As a side question, if I plug in to charge is there a screen that shows charge status and length of time to complete?

Thank you
Mike (1 month new owner)
 

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Sorry....forgive the question. What is displayed when mode is active in 2021?? I dont recall seeing anything special on the dash in HV mode. Please kindly post picture, screenshot or page location in manual.

As a side question, if I plug in to charge is there a screen that shows charge status and length of time to complete?

Thank you
Mike (1 month new owner)
It can't be said enough...RTFM.
 

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As a side question, if I plug in to charge is there a screen that shows charge status and length of time to complete?
There isn't anything on the screen to even tell you if you are charging. The only indication is the green light on the charge door, which you cannot see while seated inside the car. You can use the HondaLink app but that is clunky to use in those situations as it takes time to update.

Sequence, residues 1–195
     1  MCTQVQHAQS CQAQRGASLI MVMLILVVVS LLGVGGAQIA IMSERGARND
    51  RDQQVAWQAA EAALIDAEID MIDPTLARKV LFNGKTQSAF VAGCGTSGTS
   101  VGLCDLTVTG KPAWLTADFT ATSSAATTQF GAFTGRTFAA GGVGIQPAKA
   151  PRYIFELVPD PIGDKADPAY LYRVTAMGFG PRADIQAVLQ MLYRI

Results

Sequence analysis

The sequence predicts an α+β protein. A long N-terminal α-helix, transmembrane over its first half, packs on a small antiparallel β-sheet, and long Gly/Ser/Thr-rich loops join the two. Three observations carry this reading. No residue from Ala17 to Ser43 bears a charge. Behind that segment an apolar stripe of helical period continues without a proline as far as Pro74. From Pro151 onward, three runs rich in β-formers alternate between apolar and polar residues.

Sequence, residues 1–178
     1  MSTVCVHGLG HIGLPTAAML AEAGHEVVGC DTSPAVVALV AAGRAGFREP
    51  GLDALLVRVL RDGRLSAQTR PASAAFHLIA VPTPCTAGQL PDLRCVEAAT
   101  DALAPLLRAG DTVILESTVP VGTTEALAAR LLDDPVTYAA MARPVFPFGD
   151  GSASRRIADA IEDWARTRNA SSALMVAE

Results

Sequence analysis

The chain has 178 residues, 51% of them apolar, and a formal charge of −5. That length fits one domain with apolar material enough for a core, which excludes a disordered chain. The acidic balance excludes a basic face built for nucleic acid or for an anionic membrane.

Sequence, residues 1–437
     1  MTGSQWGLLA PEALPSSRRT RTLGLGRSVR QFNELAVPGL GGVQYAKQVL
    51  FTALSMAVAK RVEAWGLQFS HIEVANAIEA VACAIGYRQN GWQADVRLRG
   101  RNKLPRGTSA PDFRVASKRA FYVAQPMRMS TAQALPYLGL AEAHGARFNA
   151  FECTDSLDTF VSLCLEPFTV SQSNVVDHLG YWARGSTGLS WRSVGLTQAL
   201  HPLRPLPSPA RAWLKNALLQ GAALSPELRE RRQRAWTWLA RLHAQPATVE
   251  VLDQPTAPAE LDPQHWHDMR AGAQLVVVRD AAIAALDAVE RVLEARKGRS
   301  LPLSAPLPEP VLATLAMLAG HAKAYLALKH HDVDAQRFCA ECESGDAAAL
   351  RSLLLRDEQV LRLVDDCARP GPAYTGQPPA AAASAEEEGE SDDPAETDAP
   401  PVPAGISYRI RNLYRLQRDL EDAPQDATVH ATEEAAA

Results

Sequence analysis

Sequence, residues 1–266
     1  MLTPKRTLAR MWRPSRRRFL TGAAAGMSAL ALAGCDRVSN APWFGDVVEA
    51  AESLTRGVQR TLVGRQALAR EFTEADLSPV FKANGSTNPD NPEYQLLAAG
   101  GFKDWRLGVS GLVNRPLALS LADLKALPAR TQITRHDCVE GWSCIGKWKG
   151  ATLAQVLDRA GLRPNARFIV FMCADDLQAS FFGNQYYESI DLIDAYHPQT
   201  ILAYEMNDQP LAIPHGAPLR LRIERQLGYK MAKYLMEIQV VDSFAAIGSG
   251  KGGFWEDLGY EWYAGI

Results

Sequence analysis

Sometimes I sit in my car for a bit while charging at the free Volta station that is near my Costco. Even though it's free it's not worth my time to just to sit there, but if I have emails to read etc. I will do that before driving off, enjoying free charging while running climate control. But if I am not sure it is charging, I have to literally get out of the car and look at the charge port to see if the green light is on. As mentioned I could use the app, but that takes too long. Oh and if you have climate running while charging, when you open the driver door that turns off climate, and whenever climate turns off, charging turns off at the same time. So if I forget that I have climate running and I open the driver door to check the green light, it's guaranteed that the green light will no longer be on because I just shut everything off by opening the driver door. So then while still standing outside of my car I use the fob to start charging, confirm by watching for the green light, then I get back in the car and turn on climate again with the fob.